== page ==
Skip to navigationSkip to content
RIDING THE WAVE

Ports are a mess but shipping company profits are at record highs

Three ocean liners laden with cargo sit next to a row of cranes at a busy port.
REUTERS/Lucy Nicholson
Packed ports mean record profits for shipping lines.
  • Nicolás Rivero
By Nicolás Rivero

Tech Reporter

Published Last updated on

Ports are backlogged. Record numbers of ocean liners are waiting offshore for berths to unload their cargo. Shipping containers are nowhere to be found. Captains are rerouting their ships to avoid ports shut down by coronavirus outbreaks.

And for many of the world’s largest shipping lines, profits have never been higher.

The pandemic has been a double-edged sword for the shipping industry. Its disruptions have increased costs for shippers, who have to deal with the inefficiencies of leaving their ocean liners idling outside of packed ports. But at the same time, demand for consumer goods is soaring and retailers’ inventories are running low. So, companies desperate to sell their products are willing to pay exorbitant freight prices to get their goods on cargo ships.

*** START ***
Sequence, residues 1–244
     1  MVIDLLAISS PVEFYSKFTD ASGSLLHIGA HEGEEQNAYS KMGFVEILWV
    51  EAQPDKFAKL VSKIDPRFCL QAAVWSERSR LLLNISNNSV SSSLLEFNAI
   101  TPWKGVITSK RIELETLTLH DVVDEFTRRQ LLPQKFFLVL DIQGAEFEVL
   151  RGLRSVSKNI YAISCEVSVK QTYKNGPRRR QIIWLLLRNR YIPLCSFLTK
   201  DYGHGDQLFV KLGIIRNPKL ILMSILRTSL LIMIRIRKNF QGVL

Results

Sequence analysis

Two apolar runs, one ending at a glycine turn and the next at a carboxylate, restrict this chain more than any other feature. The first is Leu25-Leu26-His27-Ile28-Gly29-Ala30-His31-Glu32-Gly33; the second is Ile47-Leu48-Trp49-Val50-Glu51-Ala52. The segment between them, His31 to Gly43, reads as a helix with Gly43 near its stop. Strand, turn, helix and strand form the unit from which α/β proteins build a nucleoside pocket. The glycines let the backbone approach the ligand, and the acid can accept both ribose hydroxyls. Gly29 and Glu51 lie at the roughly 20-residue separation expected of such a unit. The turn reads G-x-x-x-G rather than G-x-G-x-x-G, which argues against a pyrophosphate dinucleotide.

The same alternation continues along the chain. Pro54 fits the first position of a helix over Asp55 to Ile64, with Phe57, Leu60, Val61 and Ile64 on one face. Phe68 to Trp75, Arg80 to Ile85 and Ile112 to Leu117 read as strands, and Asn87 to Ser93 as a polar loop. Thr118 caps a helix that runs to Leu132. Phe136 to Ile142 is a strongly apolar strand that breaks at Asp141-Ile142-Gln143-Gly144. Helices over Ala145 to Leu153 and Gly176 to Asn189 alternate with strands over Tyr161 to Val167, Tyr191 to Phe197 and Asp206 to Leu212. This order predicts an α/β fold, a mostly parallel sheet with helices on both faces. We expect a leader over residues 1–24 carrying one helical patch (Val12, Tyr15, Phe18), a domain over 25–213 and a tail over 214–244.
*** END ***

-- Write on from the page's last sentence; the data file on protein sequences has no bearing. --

Enrich your perspective. Embolden your work. Become a Quartz member.

Your membership supports a team of global Quartz journalists reporting on the forces shaping our world. We make sense of accelerating change and help you get ahead of it with business news for the next era, not just the next hour. Subscribe to Quartz today.

Membership includes:

こちらは英語版への登録ページです。
Quartz Japanへの登録をご希望の方はこちらから。